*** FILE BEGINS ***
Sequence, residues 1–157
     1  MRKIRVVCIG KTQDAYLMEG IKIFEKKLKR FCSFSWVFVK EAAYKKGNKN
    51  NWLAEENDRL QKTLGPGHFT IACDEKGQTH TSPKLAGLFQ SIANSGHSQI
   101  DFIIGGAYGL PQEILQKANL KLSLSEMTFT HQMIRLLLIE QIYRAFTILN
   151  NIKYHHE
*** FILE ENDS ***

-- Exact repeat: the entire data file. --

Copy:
Sequence, residues 1–157
     1  MRKIRVVCIG KTQDAYLMEG IKIFEKKLKR FCSFSWVFVK EAAYKKGNKN
    51  NWLAEENDRL QKTLGPGHFT IACDEKGQTH TSPKLAGLFQ SIANSGHSQI
   101  DFIIGGAYGL PQEILQKANL KLSLSEMTFT HQMIRLLLIE QIYRAFTILN
   151  NIKYHHE